Golding aiming to bow out of Globe with victory charge

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Mike Golding is going into his fourth Vendée Globe race in the unfamiliar position of being an underdog – and he couldn’t be happier.

The Warsash sailor has no illusions about the level of competition he will face on the solo, non-stop blast around the planet.

He isn’t there to simply make up the numbers, however.

Golding said: ‘The question was always “will I be able to compete?”

‘I didn’t expect to be as good as I was in the last Vendée, I was quite surprised. I found myself in a very good place, feeling good.

‘But I’m a competitive character and I like to push the boundaries.

‘I’m under the radar this time in the analysis of who are the race favourites.

‘It’s a nice place to be.’

Golding has a strong record in the Vendée, a race notorious for its attrition rate, though not without drama.

He took a seventh on his debut in 2000-01 despite an early dismasting which saw him restart and play catch up.

He followed this with a podium finish in 2004-05.

It was a race he was leading at one point before main halyard problems slowed him.

Sailing the last 50 miles without a keel then saw him lose second place.

He was also leading the next edition in 2008-09, albeit briefly, before a Southern Ocean dismasting forced retirement.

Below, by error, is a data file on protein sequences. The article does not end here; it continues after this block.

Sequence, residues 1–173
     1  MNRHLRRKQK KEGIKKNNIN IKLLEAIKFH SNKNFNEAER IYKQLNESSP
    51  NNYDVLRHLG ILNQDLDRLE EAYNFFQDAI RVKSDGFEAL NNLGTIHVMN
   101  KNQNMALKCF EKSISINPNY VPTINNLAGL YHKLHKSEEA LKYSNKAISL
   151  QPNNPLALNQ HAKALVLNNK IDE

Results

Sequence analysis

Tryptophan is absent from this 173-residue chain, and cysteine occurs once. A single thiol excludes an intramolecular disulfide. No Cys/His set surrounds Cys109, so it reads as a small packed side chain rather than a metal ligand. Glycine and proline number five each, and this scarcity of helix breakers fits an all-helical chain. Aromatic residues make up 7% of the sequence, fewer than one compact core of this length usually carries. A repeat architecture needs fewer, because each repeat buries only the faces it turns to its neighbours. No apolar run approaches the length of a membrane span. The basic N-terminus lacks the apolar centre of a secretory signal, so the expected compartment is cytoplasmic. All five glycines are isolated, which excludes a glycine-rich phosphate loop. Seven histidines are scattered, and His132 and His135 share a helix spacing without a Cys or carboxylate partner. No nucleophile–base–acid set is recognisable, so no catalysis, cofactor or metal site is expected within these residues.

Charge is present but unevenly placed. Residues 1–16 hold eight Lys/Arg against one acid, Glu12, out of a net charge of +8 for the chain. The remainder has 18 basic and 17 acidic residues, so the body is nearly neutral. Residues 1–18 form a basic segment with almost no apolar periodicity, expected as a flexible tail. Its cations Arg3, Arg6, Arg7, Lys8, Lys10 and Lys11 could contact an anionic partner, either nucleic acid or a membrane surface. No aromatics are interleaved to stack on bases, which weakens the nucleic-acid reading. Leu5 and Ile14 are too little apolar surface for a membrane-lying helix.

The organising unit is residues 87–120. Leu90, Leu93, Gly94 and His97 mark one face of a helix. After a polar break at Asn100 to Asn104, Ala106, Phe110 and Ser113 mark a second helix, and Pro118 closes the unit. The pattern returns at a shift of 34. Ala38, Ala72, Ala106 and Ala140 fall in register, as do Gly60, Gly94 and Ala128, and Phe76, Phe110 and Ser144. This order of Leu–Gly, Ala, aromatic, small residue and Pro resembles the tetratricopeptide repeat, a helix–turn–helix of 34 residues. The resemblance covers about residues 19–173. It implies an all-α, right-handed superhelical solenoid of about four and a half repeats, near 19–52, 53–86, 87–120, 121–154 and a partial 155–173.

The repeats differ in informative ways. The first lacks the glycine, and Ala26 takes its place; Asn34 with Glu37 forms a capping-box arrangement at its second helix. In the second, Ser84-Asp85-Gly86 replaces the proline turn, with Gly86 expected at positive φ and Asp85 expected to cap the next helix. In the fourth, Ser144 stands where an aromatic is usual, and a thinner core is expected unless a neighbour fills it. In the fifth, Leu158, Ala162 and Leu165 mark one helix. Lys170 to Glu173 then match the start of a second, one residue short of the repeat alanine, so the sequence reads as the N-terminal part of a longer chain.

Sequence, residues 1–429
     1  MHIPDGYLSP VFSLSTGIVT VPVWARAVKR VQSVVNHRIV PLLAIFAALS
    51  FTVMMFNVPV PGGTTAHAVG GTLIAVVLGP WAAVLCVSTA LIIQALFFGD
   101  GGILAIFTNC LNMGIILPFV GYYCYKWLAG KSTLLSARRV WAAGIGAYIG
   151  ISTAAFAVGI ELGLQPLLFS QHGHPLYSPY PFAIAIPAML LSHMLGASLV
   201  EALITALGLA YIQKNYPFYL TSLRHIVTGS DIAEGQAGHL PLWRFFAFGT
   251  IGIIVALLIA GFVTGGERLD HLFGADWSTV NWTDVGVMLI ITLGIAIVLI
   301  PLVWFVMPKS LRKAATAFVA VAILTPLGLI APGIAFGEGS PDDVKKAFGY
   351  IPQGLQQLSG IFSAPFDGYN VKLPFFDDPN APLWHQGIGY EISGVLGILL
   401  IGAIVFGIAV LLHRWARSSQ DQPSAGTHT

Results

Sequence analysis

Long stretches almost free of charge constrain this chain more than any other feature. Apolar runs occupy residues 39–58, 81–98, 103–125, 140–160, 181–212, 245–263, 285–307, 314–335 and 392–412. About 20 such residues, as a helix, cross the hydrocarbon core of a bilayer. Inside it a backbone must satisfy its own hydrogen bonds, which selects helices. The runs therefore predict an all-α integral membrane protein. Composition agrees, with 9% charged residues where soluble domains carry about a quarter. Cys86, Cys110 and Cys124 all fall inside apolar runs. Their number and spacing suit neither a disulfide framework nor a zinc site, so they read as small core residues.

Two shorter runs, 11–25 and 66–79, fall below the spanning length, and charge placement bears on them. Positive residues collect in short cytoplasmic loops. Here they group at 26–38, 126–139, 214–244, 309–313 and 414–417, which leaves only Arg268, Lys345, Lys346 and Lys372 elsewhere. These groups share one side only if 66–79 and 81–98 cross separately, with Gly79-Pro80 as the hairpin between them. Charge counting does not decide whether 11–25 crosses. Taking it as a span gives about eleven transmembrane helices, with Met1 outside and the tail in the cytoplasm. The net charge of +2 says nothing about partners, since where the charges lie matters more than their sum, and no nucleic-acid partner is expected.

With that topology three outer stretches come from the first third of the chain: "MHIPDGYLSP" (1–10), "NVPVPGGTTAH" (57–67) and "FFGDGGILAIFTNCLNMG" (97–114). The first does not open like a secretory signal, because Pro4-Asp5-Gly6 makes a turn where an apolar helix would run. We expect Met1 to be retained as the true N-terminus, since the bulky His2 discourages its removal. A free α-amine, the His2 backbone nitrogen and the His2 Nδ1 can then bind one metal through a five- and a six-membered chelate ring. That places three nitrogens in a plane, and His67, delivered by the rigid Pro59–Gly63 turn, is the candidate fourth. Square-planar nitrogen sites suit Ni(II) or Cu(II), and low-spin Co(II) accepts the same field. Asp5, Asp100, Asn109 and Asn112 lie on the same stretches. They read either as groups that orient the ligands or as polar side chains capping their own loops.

It was a crushing blow.

‘At the end of the last race I stepped off the boat pretty frustrated, in a much deeper way than I ever let on at the time,’ said Golding.

‘I’d felt great. I was leading the race, I was good, the boat was good.

‘So I was really gutted and went off and did two years of Extreme 40 sailing which did me the world of good.

‘It rejuvenated my basic passion for just being on a boat and racing.’

After such a disappointment, had he ever considered not returning to the solo fray?

‘I don’t know. If you’d asked me at the end of the last Vendée I was so despondent that I’d probably have said “yes”,’ said Golding.

He admits he was fortunate to find a sponsor in Gamesa – a global wind turbine manufacturer – and argues that, although he does not have a new Open 60 for the race, he does have a boat that’s proven.

Golding also turns the disaster of a Solent dismasting early in the summer into a positive as he now has the rig he always wanted.

As importantly, at 52, he knows what he has to do to win – though he insists this will be his last Vendée.

Golding added: ‘There’s the doing well by still being there, and then there’s doing well – and I want to be doing well.

‘I’m out there to race. I know that you keep out there, keep the boat together and keep your nose clean, get to Cape Horn and the race starts there.

‘Then it’s anyone’s race, anyone’s chance to win the Vendée.

‘I won’t do the Vendée again, win or lose.

‘I’d be 56 and I couldn’t, hand on heart, say I’d be competitive.

‘I think I’m pushing it to do this one.’